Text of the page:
Abu Ghraib, Guantanamo and the NDAA -- an obvious pattern, practice and policy

Abu Ghraib, Guantanamo and the NDAA -- an obvious pattern, practice and policy

Washington : DC : USA | Jan 10, 2013 at 8:40 AM PST
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The Associated Press reported Wednesday that 71 torture victims at Abu Ghraib, the infamous U.S. prison in Iraq, have agreed to a $5 million settlement as a result of a lawsuit against Engility Holdings, a US contractor which ran the prison. The AP says that this will give "some measure of justice for the victims." However, individual contractors are not being held liable either civilly or -- especially -- criminally. (This is a pattern set from the very outset of the Obama administration -- allowing obvious, but well-connected, wrongdoers to skate, to walk, to escape accountability for thier misdeeds, while low-level clerks, secretaries, or enlisted types go to jail, taking the brunt of the government's faux "outrage").

Engility was formerly known as L-3 Services and Titan Corporation. As with most civil settlements, Engility has neither admitted nor denied its role in the torture regime at Abu Ghraib. Still, it is the first U.S. corporation forced to compensate victims of the well-documented abuses at Iraq's most hated prison.

"Private military contractors played a serious but often under-reported role in the worst abuses at Abu Ghraib," Baher Azmy, lawyer for the ex-detainees and legal director at the Center for Constitutional Rights told AP.

However, RT reports that the settlement is "a meager amount" because it pales in comparison to other settlements in less intense abuse cases documented in prisons throughout the US itself:

“The average $74,000 compensation for each Abu Ghraib victim of rape, torture, death threats and physical harm seems almost inconsiderable in comparison, especially given the high levels of torture the Iraqi prisoners were subjected to. And many more Iraqi victims of abuses are unlikely to receive any sort of compensation at all,” RT reports.

Further, Peter W. Singer of the Brookings Institution told Wired that this paltry settlement merely papers over the true extent of, and provides cover for US military contractors and their actions overseas:

“Soldiers get court martialed, but for the very same incident, the contractors named in the same reports face no individual punishment and their firm just throws high power lawyers at the problem until it decides to make it go away with a token payment?”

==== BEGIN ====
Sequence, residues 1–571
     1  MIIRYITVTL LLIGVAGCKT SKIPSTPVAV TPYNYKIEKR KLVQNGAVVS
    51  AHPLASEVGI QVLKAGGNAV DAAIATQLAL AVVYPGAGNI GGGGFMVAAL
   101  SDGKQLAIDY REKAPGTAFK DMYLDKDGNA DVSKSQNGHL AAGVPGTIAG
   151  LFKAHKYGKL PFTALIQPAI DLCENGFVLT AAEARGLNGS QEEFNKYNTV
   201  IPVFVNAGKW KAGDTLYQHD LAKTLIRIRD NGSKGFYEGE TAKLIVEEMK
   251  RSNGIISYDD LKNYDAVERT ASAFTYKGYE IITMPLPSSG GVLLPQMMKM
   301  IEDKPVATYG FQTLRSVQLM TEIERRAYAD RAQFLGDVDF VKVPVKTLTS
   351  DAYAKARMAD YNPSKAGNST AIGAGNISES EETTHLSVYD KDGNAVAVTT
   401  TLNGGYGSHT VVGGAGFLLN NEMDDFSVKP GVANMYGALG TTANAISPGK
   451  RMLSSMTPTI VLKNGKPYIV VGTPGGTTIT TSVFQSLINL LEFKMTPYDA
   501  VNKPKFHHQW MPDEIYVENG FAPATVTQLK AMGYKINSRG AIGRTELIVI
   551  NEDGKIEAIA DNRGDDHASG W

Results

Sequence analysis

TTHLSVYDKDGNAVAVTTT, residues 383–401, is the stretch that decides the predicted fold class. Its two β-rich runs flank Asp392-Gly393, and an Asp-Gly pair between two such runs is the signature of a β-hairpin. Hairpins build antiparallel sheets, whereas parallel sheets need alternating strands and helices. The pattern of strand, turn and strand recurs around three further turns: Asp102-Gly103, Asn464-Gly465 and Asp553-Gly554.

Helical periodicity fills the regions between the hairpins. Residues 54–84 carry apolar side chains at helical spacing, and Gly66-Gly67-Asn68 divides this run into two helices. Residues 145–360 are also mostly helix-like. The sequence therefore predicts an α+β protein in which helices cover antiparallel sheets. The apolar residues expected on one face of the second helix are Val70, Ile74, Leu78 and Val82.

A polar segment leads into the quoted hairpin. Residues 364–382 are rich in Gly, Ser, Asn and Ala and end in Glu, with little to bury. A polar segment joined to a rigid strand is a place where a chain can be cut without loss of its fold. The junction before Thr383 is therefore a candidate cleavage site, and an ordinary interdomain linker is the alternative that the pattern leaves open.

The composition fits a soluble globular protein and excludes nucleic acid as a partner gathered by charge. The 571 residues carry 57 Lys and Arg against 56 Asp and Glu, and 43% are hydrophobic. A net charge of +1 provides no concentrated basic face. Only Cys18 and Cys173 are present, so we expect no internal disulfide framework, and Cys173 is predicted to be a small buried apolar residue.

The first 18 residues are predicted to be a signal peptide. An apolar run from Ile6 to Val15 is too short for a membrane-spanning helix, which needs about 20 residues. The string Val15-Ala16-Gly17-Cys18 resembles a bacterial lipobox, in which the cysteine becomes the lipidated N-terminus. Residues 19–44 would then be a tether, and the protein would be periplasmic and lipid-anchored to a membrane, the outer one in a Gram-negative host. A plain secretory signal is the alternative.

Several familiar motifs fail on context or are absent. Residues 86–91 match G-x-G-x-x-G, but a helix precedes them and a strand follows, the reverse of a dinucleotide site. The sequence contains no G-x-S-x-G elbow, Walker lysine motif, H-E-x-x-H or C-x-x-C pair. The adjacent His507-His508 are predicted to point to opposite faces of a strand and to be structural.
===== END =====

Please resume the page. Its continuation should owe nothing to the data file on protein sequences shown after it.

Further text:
As noted, Engility Holdings is actually a spin off of L-3 Communications. It is a long time, big time government contractor and Fortune 500 company. It has more than 50,000 employees and had net profits of more than $15 billion in 2011 alone, Patrick Cockburn reports in the Independent.

The settlement would have remained unknown had not it been uncovered by the AP. It was consummated more than two months ago, but a document filed by Engility with the Securities and Exchange Commission was uncovered by the AP just yesterday (Wednesday).


Taken together with the president's recent signing of the 2013 version of the National Defense Authorization Act and the bringing to light via Amy Goodman and "Democracy Now!" of continued abuse and torture at Guantanamo Bay, a clear and disturbing picture of this administration's stance on “national security” issues is emerging.

The president signed the reauthorization of the NDAA, thus allowing for the secret surveillance and detention of American citizens without charge or trial, and the continued “detention” of Guantanamo prisoners. NDAA also specifically disallows the trial of Guantanamo inmates on American soil. Obama included a “signing statement” with his authorization, which questioned the constitutionality of the bill and his “intention” to refuse to enforce selected portions thereof. Yet he signed the thing anyway when he could have, should have vetoed the whole bill.

It has been almost exactly four years since Obama last promised to close Guantanamo. Yet, 166 souls remain detained there, 85 of whom have actually been cleared and exonerated of any wrongdoing whatsoever. Yet, neither Obama nor the military will release any of them, either to the US, their home countries or to any third country which might accept them. Many have been incarcerated there since that Caribbean gulag's opening 11 years ago.

These “situations” are yet another case of President Obama saying one thing and then doing another. Is there no one, other than the usual “academics” and article writers, who will call him out on his obvious hypocrisy?







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Detainees at Camp X-Ray at Guantanamo Bay, Cuba. "24" was controversial for its depiction of torture.
Detainees at Camp X-Ray at Guantanamo Bay, Cuba. "24" was controversial for its depiction of torture.
Herbert Dyer, Jr. is based in Chicago, Illinois, United States of America, and is an Anchor on Allvoices.
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